From November 2020 to March 2021, the Institute and the Conway Area Chamber of Commerce (the Chamber) partnered to build Conway 2035, a comprehensive strategic plan for the City of Colleges.
“Members of the community sacrificed more than 1,000 hours of their time to serve on 14 sector committees and craft a vision statement for each sector, develop specific goals and suggest ways for individuals, families, businesses and organizations to get involved.“From the plan’s official website, Conway2035.org
Those 1,000 hours mentioned were primarily spent in breakout Zoom sessions facilitated by the Institute Programs team. At first, the Chamber wasn’t sure if this process would even work, or at least be engaging with Conway residents in the middle of a global pandemic.
“We met in July 2020 and asked the steering committee if it was even appropriate to think long-term in the middle of a disaster,” Chamber Executive Vice President Jamie Gates told our Board of Directors at a recent meeting. “We got a quick response that not only was it appropriate, but cathartic. We conducted a survey and got a 30 percent increase in response rate and a doubling in willingness to participate in the plan by helping write it, going to meetings, or volunteering. So we were quickly overwhelmed by that.”
Gates said his first call after that initial positive response was to Janet Harris, Institute Executive Director/CEO, knowing that the coalition the Chamber was building was too big to manage alone. Gates attended our Connect-Collaborate-Create (CCC) Summit in 2019 and always wondered what it would be like to get his own people and community up on Winthrop Rockefeller’s former cattle ranch.
“Our missions align so well. The idea of tranforming community through dialogue is exactly what the Institute does, and that’s exactly what we needed in Conway.”Jamie Gates
Ultimately, because of the pandemic, those community meetings could not happen in person, much less on Petit Jean Mountain. Gates said that had 2020 been a “normal” year, the Chamber would’ve hosted these community meetings in high school auditoriums, the city library, and other public spaces people could get to at 5:30 p.m. on a weekday. He knew that getting to a meeting straight from work was already a significant barrier to a lot of people, and he could expect roughly the same group of people to attend every meeting. That’s not what the Institute and the Chamber wanted.
“I think hosting these meetings virtually was more egalitarian,” Gates said. As opposed to in-person meetings, virtual sessions complimented every personality. Some people liked to talk a lot. Others preferred to use the chat box. Some people didn’t want to be on video. Yet others were busy doing other things but still listened to the conversations and gave input when possible.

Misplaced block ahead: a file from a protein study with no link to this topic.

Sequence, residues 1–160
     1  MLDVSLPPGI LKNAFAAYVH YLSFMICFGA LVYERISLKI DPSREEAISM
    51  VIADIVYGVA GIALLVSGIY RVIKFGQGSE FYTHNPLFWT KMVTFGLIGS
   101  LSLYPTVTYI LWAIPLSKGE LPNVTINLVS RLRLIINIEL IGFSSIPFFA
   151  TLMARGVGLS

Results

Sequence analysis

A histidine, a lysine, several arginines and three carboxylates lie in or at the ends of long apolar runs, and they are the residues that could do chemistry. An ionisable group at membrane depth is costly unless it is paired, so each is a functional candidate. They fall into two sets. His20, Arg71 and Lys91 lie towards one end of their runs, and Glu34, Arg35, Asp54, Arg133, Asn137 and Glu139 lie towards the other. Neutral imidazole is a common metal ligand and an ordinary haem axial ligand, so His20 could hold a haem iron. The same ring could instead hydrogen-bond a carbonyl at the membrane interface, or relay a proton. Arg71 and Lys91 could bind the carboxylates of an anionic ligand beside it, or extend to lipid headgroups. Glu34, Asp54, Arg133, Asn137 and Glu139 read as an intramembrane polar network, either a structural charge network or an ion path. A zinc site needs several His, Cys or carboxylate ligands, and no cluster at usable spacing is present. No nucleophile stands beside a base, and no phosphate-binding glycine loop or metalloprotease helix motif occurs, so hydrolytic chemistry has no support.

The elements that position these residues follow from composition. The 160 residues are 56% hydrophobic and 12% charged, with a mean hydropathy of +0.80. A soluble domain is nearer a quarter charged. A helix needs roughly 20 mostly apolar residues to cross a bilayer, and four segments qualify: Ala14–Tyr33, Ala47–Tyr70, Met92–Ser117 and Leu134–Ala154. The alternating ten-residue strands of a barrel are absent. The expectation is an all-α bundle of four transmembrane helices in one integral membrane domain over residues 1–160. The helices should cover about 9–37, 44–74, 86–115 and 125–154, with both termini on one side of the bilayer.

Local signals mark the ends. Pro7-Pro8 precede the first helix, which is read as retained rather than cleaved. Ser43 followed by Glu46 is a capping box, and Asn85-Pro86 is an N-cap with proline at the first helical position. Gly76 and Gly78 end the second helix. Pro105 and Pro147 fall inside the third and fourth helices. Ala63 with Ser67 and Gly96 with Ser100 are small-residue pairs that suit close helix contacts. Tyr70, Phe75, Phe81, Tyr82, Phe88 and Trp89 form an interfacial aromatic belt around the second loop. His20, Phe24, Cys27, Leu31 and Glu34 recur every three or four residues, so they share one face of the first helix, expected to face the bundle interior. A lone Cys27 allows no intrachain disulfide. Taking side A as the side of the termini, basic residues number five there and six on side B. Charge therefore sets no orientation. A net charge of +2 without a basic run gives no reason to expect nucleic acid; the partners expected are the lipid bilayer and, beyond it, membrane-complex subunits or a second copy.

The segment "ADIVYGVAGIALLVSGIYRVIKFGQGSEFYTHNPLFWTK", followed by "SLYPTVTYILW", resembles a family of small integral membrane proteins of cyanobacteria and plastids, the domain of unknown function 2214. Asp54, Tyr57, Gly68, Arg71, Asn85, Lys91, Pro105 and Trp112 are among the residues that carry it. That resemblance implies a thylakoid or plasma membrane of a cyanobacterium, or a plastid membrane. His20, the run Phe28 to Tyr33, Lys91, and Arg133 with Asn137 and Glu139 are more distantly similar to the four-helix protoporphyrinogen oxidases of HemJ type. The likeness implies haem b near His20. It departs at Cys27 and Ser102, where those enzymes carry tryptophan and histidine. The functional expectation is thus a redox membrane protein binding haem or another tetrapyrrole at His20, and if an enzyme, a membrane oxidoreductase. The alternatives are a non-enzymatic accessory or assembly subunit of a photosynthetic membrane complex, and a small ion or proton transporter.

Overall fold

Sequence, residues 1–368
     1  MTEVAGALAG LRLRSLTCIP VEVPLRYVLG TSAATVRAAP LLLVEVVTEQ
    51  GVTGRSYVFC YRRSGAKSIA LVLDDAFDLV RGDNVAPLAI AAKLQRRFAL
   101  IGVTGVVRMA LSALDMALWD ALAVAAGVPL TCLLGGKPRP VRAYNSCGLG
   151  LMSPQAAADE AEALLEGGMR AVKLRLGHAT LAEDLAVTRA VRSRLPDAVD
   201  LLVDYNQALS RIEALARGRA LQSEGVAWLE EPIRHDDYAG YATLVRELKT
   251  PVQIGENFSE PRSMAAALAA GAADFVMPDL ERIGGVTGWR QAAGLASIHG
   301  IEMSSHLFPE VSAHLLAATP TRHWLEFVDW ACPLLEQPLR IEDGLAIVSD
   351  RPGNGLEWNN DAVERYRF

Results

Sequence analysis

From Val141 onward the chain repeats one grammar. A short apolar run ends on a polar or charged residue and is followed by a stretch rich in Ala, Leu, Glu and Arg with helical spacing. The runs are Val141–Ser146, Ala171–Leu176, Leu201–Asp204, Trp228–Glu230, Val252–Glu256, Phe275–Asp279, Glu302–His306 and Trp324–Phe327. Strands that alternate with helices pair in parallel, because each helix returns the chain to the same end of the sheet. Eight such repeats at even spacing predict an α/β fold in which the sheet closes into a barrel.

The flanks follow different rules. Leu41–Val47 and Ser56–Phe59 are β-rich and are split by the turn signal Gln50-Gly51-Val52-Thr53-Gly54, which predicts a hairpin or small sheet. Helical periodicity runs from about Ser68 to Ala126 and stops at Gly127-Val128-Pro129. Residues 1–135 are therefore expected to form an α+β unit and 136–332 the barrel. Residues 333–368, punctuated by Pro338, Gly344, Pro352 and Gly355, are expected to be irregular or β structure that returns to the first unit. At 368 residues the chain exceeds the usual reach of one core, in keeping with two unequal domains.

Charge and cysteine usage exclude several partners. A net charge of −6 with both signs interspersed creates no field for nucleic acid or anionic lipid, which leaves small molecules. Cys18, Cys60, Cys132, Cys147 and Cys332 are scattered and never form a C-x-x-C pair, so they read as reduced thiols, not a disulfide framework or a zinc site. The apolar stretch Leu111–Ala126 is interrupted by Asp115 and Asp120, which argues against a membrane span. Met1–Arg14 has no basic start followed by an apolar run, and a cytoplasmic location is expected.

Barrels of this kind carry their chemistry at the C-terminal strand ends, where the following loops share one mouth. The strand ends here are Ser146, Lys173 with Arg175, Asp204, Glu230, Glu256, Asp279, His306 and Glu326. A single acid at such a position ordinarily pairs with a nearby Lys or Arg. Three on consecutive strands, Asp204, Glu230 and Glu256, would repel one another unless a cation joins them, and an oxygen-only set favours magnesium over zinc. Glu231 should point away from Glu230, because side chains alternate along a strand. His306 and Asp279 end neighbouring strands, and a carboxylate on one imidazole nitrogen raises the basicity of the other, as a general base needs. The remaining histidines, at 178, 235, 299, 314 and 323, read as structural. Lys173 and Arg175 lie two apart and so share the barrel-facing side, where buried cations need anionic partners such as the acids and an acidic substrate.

Feedback from Conway Residents
“Thank you so much for your compassion, dedication, and facilitation. I learned so much through this process and feel very hopeful about the outcomes!”
“This was a very informative process. I was totally impressed with the way materials were presented and the ability for everyone to colaborate and provide input.”
“This was an enjoyable and worthwhile experience made even better by how organized and well facilitated it was. Kudos to the entire team at the Winthrop Rockefeller Institute.”
“Very well done. I would be open to more sessions like this for other committees and items that need to be discussed in a public forum.”
“The virtual facilitation was very well managed and we appreciated our facilitator so much! Everything was organized and run efficiently.”
After the initial process of gathering information was complete, the Institute hosted the Vision Summit Conway2035 in April 2021. It was a two-day retreat focused on reviewing community input and the work of various committees up to that point in the strategic plan process. 50 leaders from around Conway attended and with the help of Institute facilitators:
- Worked together to cut redundancies
- Built better partnerships
- Saw who wasn’t being helped by the plan
- Created a structured priority of 140 goals — all created by almost 2,000 Conway residents
“It was a pleasure to develop the plan for Conway 2035 and to facilitate 57 separate meetings with the citizens of Conway,” James Hopper, Institute Director of Development, said. “The Chamber staff didn’t balk at our meeting-intensive structure but embraced it wholly, understanding from the beginning that in order to build a plan that was truly reflective of the citizens’ priorities, it was going to take time, deep listening, and a great deal of collaboration.”